What you should know about worms
Just because worms live inside your pets body and are not visible to you does not mean that they can be ignored. In fact severe worm infestations can result in anaemia, intestinal obstruction and even death.
Pets most often affected
All breeds and ages of pets can be affected but the younger animals are generally more severely affected by these internal parasites.
Roundworms, often called "ascarids", are the most common parasite of the digestive tract in dogs and cats.
How do roundworms cause disease in pets?
In your pet’s intestines, roundworms absorb nutrients, interfere with digestion and can damage the lining of the gut. Animals with mild infestations of roundworms may not show any signs of disease. Animals with more severe infestations may be thin, have dull hair coats and develop a pot-bellied appearance. Some may become anaemic and show symptoms like vomiting, diarrhoea or constipation. Rarely, in severe infestations, the roundworms can cause obstruction of the intestines. A cough may be observed in some animals due to the migration of the worm larvae through the respiratory system. In young animals the migration of the larvae in the lungs can cause pneumonia. Adult worms may be seen in the faeces or vomit. The worms are round on cross-section (hence the common name) and look a bit like spaghetti.
Are roundworms of any danger to people?
Accidental ingestion of roundworm eggs by people may cause blindness, nervous system damage or damage to internal organs.
Hookworms (Ancylostoma) are one of the most common intestinal parasites of dogs and cats (especially puppies and kittens), and can cause severe disease including anaemia and serious diarrhoea. Hookworms have either teeth-like structures or cutting plates with which they attach themselves to the wall of the intestine and feed on the animal’s blood. The mucous membranes e.g., gums will appear pale, the animal will become weak, and sometimes black, tarry stools can be seen. Growth in young animals is stunted, and the hair coat may appear dull and dry. Animals may become emaciated and eventually die from the infection.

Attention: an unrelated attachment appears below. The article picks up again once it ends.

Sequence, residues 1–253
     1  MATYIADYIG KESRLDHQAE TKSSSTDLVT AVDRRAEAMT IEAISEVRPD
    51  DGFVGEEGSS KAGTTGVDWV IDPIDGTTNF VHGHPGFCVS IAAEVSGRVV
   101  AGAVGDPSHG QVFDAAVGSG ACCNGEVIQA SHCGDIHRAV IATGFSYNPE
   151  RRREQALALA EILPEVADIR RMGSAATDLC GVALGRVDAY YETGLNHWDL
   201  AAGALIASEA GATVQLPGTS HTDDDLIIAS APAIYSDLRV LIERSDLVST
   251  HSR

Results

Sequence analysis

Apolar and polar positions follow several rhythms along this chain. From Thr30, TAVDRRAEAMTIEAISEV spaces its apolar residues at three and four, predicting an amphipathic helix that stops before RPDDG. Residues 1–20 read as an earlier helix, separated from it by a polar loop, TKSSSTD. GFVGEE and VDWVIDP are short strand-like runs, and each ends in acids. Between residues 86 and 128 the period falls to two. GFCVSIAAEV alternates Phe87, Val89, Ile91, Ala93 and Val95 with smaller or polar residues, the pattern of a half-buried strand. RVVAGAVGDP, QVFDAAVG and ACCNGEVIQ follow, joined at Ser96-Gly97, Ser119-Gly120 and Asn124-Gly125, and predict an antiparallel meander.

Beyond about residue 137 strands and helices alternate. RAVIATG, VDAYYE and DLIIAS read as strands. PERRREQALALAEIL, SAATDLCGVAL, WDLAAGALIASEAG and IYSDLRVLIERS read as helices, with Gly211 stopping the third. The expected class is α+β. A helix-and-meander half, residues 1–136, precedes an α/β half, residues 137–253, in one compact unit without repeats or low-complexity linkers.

Are hookworms of any danger to people?
Hookworm larvae can penetrate the surface of a person’s skin (usually through bare feet) and migrate through it, causing a disease called "cutaneous larva migrans" or "creeping eruption". The lesions appear as red lines under the skin and sometimes break open at the skin’s surface. These lesions cause severe itching. Usually the larvae will die in several weeks and the condition will disappear. In severe cases the larvae may make their way through the skin and enter deeper tissues. This may cause lung disease and painful muscles.
In heavy infections, we may notice abdominal discomfort or nervousness in the animal. The animal may vomit and sometimes have convulsions. It is thought that the convulsions are due to toxins produced by the tapeworm. The active tapeworm segments around the anal area may cause an animal to lick or "scoot" on the floor, because of the itchy feeling around the anal area. Scooting may also be as a result of inflamed anal sacs, which can be expressed by your veterinarian.
Are tapeworms of any danger to people?
Accidental ingestion of certain tapeworm eggs may result in cysts forming in the skin, brain, muscle etc. Cysts in the brain can for example lead to epilepsy.
What can be done to reduce the risk of a worm infection?
Regular deworming of dogs and cats at strategic intervals reduces the risk of infection and contamination of the environment and thus helps prevent human illness. We recommend beginning deworming at a young age before environmental contamination can occur and continuing at strategic intervals.
Adults should ideally be dewormed once every 3 months whilst puppies and kittens require more regular deworming. Bitches and queens should also be dewormed prior to whelping.
* Image courtesy of the Department of Veterinary Tropical Diseases, University of Pretoria.
Disclaimer: Zoetis takes no responsibility for any claims that may arise from information contained in this information sheet. Individual situations may vary from location to location and it is recommended that you consult your veterinarian before any management or treatment decisions are implemented.
Vrywaring: Zoetis neem geen verantwoordelikheid vir enige eise wat mag voortspruit uit inligting vervat in hierdie inligtingsdokument. Individuele situasies varieer van plek tot plek en dit word voorgestel dat u eers u veearts kontak alvorens enige bestuurs- of behandelingsbesluite geïmplementeer word.